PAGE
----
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"...public opinion deserves to be respected as well as despised" G.W.F. Hegel, 'Philosophy of Right'

religion and public life « Previous | |Next »
January 3, 2007

In a liberal democratic society religion and morality have been privatised to ensure social stablity and political unity in a pluralistic world of competing conceptions of the good. So we have the principles of toleration and the state being neutral between individual moral and religious beliefs. On Rawls' account, this allows reasonable people with differing ethical, moral and religious beliefs to accept the constraints of public reason.

This form of liberalism is under attack from conservatives who want to reintroduce religion into politics, to ensure that there is one on form of religion (Christianity) to another, and for the state to intervene to ensure a Christian approach to ethical issues. What is sought here is a bigger role for religion in public life.

A recent example is Tony Abbott, the federal Minister for Health, awarding a $15.5 million contract for a pro-life Catholic church (ie., Centracare its welfare agency) but not a secular pro-choice family planning agency, such as Family Planning Australia. There is commentary over at Larvatus Prodeo and Blogocracy

What we have here is a deliberate attempt at polarization decade that pit “the religious right against the secularist left, and acts to ensure that conflict becomes ever sharper. What we have now is a fundamental disagreement over the place of religion in politics. Polarization undermines the the basic principles shared by all the parties to discussion, irrespective of cultural and other differences. In the absence of such a common ground in Australia's divided political culture, politics becomes just a kind of war.

That is the conservative agenda adopted from the Rovian Republicans in the US. The constraints of public reason are rejected as it is held that God requires us to live in a particular way.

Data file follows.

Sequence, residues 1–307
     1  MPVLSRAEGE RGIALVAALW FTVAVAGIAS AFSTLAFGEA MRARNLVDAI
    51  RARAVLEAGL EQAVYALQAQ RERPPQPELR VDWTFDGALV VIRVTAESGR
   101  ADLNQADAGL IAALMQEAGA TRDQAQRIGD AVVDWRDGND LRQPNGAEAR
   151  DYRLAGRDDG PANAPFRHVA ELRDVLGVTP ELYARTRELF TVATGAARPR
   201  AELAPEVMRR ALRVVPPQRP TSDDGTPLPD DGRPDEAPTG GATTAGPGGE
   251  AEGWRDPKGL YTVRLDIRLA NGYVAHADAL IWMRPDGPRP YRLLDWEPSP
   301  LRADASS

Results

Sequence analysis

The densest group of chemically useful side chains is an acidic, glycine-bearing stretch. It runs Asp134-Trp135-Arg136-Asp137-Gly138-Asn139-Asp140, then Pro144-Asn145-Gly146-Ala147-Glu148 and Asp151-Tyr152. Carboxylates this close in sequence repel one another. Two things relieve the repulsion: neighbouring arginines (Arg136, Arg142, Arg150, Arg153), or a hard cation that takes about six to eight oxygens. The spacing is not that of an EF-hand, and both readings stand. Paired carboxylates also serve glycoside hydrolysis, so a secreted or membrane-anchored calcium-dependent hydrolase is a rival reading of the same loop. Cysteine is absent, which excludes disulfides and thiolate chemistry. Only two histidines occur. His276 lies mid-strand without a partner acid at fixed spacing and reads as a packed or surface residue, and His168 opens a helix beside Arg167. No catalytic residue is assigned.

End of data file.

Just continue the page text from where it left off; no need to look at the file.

| Posted by Gary Sauer-Thompson at 2:38 PM | | Comments (10)
Comments

Comments

To start with, I think we here in Australia have a muddied conception, even a contrite view, of what 'conservatism' is.

To first acknowledge conservatism as a predominantly US type construct, may serve to clarify the notion in the current era.

Australia, in my view, is a mix of this conservative stuff, some liberal stuff and some egalitarian stuff. To say then that we are 'conservative' or that there are conservatives within, is perhaps a misnomer.

Having settled that herein, thus allows progress to the next stage of the above topic, religion in public.

Our Indonesian neighbours are about 98% Non-sectarian; our Asian influx decries our Christian mix, saying our politics is Christianised and unsavoury. Our Leftist assuagers would have it that the Asian perspective is correct, because they have the numbers. However, the paradox of logic and hypocrisy is self evident in their batty, mammalian assault dropping in on religion.

Australia remains secular, whilst Indonesia for example, has religion enshrined in their constitution.

So tying the Leftist mantra of connecting religion with Australian politics, is really only instigating a politico-religious falsehood.

All the worlds problems can be solved by Bumper Stickers.
Recently spotted;
"If you don't beleive in Abortion" Don't have one.

Gadget,

I'm not sure that I'm

tying the Leftist mantra of connecting religion with Australian politics, is really only instigating a politico-religious falsehood
as you put it.

What I'm arguing is that Tony Abbott is challenging the view that Australia is a secular liberal society. Abbott is an example of an Australian conservative.

Les,
It must have been a religious car on the highway to heaven. Alas, it still has to go past the crossroads where the devil hangs out.

Yes, You may be needing a Cunning Disguise!
Perhaps a Nuns habit with a Hitler Moustache.....Don't laugh....he may see the funny side and let you pass.

Les,
I'm not sure that will fool Cardinal Pell and the Opus Dei crowd who hang out at the crossroads.

Pell's going to Hell isn't he?

Les,
a new bumper sticker could be "Guns God Glory".It would express the chauvinistic, ocker, parochical nationalism increasingly embraced by the religious Right in the name of patriotism.

"In God we Trust"

Yes I suppose it is common for countries going into battle to have a little Worship off to the corner just to make sure Gods on the Right side.

Hang on....don't they pray before Parliament opens too......hmmm best we all keep low.

Les,
God is on everybody's side. Only he is called different names.

yeah saying the prayer used to turn my stomach when I worked in federal Parliament---I felt that the Christian prayer undermined the separation of church and state.